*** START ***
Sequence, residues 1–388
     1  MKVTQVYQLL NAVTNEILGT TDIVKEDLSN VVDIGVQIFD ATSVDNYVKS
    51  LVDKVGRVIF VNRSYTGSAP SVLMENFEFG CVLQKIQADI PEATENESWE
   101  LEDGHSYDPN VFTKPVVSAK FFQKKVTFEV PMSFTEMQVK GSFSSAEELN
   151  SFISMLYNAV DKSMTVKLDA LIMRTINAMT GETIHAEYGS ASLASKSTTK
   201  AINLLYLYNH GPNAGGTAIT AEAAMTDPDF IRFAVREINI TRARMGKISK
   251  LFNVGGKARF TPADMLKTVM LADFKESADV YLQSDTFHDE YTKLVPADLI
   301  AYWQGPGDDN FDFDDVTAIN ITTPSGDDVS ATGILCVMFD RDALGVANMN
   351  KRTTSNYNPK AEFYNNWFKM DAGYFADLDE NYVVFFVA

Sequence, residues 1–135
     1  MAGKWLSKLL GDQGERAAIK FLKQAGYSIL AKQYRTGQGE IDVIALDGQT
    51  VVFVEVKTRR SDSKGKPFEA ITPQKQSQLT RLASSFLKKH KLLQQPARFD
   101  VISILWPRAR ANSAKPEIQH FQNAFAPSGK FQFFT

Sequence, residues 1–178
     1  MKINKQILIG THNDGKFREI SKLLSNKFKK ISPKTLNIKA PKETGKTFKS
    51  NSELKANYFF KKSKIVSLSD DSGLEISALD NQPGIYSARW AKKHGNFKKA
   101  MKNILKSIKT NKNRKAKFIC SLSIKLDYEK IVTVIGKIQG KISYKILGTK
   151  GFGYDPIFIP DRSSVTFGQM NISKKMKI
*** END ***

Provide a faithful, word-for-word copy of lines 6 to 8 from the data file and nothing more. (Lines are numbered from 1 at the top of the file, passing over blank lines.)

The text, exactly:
   201  AINLLYLYNH GPNAGGTAIT AEAAMTDPDF IRFAVREINI TRARMGKISK
   251  LFNVGGKARF TPADMLKTVM LADFKESADV YLQSDTFHDE YTKLVPADLI
   301  AYWQGPGDDN FDFDDVTAIN ITTPSGDDVS ATGILCVMFD RDALGVANMN